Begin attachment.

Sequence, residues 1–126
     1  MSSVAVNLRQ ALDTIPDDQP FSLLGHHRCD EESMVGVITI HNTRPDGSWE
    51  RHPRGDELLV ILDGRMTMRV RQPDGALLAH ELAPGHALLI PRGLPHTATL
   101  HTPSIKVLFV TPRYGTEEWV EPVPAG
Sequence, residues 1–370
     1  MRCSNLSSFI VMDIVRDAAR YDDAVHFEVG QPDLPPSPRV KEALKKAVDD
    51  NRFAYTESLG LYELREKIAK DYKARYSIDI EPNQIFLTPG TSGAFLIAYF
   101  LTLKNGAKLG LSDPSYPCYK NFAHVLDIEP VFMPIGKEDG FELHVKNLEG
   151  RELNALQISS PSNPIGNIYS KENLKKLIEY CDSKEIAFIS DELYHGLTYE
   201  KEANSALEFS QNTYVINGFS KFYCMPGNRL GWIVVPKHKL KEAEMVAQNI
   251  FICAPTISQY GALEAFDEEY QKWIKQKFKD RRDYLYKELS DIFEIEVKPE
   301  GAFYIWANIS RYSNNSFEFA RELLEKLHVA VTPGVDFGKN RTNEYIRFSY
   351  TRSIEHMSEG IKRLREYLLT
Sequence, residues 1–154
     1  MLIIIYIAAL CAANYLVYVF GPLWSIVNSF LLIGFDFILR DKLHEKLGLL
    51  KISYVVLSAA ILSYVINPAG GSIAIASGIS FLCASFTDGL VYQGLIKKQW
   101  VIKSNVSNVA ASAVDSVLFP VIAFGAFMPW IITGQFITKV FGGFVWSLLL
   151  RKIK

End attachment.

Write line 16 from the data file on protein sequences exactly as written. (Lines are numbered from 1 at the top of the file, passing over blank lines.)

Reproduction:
    51  KISYVVLSAA ILSYVINPAG GSIAIASGIS FLCASFTDGL VYQGLIKKQW